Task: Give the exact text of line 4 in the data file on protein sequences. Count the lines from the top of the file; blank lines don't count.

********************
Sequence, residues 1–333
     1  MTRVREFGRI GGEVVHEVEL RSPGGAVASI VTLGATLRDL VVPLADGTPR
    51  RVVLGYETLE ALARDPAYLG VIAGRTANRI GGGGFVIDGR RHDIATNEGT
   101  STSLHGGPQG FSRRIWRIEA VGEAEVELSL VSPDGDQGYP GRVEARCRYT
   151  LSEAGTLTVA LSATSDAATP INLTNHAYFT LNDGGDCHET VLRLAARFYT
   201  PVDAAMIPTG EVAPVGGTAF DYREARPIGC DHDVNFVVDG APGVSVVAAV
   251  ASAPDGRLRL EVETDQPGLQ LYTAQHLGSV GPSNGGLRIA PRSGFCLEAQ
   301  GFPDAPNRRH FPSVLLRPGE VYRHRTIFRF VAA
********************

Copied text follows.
   101  STSLHGGPQG FSRRIWRIEA VGEAEVELSL VSPDGDQGYP GRVEARCRYT